Cambodia's architect of evil
A political history of Pol Pot and the killing fields
Pol Pot: Anatomy of a Nightmare
By Philip Short
Holt, 537 pp., illustrated, $30
Finally, after more than two decades of foot dragging, the Khmer Rouge may be brought to trial this year. However late and however compromised, such a trial, under the auspices of the United Nations, would give Cambodians their first full accounting of the evidence amassed against the regime that turned their world upside down and led to the deaths of over a million of their countrymen and women in less than four years.
The timely appearance of ''Pol Pot: Anatomy of a Nightmare," by Philip Short, is a reminder of how essential such a reckoning is for Cambodia. With fresh research, especially about the Khmer Rouge leader's early days, and the skillful examination of several foreign archives, Short has done an admirable job of pulling together much of the material documenting the rise and fall of Pol Pot and his movement. The story is still unsettling for the depth of the cruelty inflicted on the people of this cultured Southeast Asian country.
A former journalist in Beijing and the author of a biography of Mao Zedong, Short has written more of a modern political history of Cambodia than a biography of Pol Pot, the man who led the revolution. In the early portions of the book, Pol Pot, born Saloth Sar, does come to life as a young man born into a relatively prosperous farming family who is shipped off to the capital, Phnom Penh. A mediocre student, the future tyrant becomes something of a bon vivant, visiting his sister in the royal palace, where he undergoes an unusual sexual initiation, courting a pretty young woman, and barely winning a scholarship to study in Paris.
In France, Pol Pot finds his political voice. Under the tutelage of other Cambodians, and somewhat lost in the City of Light, he takes up the cause of Cambodian independence from French colonial rule, deciding in the process that communism is the best approach to that goal. From this point onward, Short goes to great lengths to dissect the exact strain of communism that most influenced the blend of Marxism, Maoism, and Stalinism practiced by Pol Pot and the Khmer Rouge to such deadly results. Indeed, this becomes a distinct leitmotif of this ambitious book and, ultimately, one of the least satisfying.
Once Pol Pot leaves France and returns to Cambodia in the early 1950s, the book's focus widens and becomes more a history of the Khmer Rouge movement and the country. In telling how the Khmer Rouge grew from a few thousand marginal communists to an army that triumphed against the US-supported regime in 1975, Short does a remarkable job of chronicling how Pol Pot and his comrades moved around the country building their forces and hiding under various aliases. But Short lacks the hard-won authority of historians such as Stephen Heder, David Chandler, and Ben Kiernan, and advances a new interpretation for Cambodia's downfall that undercuts some of his otherwise impressive scholarship.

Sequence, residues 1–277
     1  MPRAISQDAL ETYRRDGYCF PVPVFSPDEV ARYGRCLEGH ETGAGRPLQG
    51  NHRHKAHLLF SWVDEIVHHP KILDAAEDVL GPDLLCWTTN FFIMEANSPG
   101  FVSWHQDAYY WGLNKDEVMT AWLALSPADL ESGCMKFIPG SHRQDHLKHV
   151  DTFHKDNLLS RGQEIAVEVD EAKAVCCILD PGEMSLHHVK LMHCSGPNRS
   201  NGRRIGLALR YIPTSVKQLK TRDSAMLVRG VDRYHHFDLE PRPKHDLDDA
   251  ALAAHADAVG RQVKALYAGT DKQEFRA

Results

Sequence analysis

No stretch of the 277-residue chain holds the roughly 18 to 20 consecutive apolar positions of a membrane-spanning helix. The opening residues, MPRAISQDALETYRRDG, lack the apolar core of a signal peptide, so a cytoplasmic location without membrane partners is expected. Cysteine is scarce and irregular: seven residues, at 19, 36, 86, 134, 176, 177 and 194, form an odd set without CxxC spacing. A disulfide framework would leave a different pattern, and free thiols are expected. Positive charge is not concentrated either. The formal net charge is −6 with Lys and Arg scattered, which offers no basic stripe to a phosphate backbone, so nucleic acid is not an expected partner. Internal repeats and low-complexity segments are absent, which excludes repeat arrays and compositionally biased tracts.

The explanation for the Khmer Rouge rise to power is complex, beginning with French colonial rule and continuing through the Vietnam War. Cambodia's unfortunate geography placed it between Thailand, home of American bases, to the west and Vietnam, site of the bloodiest battle of the Cold War, to the east. Cambodia's leader, Prince Norodom Sihanouk, failed in the face of the narrow choices before him, giving in to his impossible ego and making decisions that ultimately opened the way for the Khmer Rouge.
In relating this history, Short paints all of Cambodia's misfortunes as a continuum of a cultural malady. In his thesis, the Khmer Rouge becomes an extreme example of the country's problems rather than an exception.
''The cardinal issue is what it is about Cambodian society that has allowed, and continues to allow, people to turn their backs on all they know of gentleness and compassion, goodness and decency, and to commit appalling cruelties seemingly without conscience of the enormity of their acts and certainly without remorse."
His answer is to blame Cambodian culture itself and the Buddhist faith practiced by Cambodians -- a new version of blaming the victim.
In other instances he pronounces Cambodians lazy, saying the Khmer Rouge addressed this old problem ''of how to make Khmers work" by pursuing radical policies that turned most of the population into slaves.
Oddly, Short places very little blame on the totalitarian nature of communism. On the contrary, he lauds the Confucian nature of the communism practiced in China and Vietnam and says of Pol Pot that his ''cultural heritage was irrational, oral, guided by Theravada transcendentalism [Buddhism] and by k'ruu, spirit-masters, whose truths sprang not from analysis but from illumination. . . . The contrast with Maoist China could hardly be greater."
Never mind that millions of Chinese died in the Great Leap Forward or the Cultural Revolution of Mao, or that neighboring Thailand, which also practices Theravada Buddhism and has a culture like Cambodia's, is a successful modern nation. Perhaps if Short had included more voices of ordinary Khmers rather than their leaders, he might not condemn them as part of a cruel, cowardly race. He also might have been less willing to give credence to some of the stories these leaders told him as they faced a possible trial for their crimes.
Indeed, this book's shortcomings as well as its strengths argue forcibly for the need for a full airing of the crimes of the Khmer Rouge to dispel mistaken assumptions, however well-meaning, and to hold them accountable for their crimes against their country.
Elizabeth Becker is the author of ''When the War Was Over," a history of the Khmer Rouge and modern Cambodia. She is the international trade correspondent for The New York Times.